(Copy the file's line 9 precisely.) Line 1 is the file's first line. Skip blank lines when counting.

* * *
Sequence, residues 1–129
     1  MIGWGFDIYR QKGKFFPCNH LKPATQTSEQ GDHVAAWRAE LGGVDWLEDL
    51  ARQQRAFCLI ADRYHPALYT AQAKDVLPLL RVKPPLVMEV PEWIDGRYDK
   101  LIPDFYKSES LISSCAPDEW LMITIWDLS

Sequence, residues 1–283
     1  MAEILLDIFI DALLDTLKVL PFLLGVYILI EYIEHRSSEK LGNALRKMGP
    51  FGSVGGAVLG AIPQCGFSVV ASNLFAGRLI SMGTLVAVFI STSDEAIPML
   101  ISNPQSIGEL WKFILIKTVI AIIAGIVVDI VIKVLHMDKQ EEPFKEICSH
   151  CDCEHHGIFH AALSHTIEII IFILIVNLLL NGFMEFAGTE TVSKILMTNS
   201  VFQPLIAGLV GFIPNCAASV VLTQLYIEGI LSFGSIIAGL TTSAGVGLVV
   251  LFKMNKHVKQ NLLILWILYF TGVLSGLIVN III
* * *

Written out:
   151  CDCEHHGIFH AALSHTIEII IFILIVNLLL NGFMEFAGTE TVSKILMTNS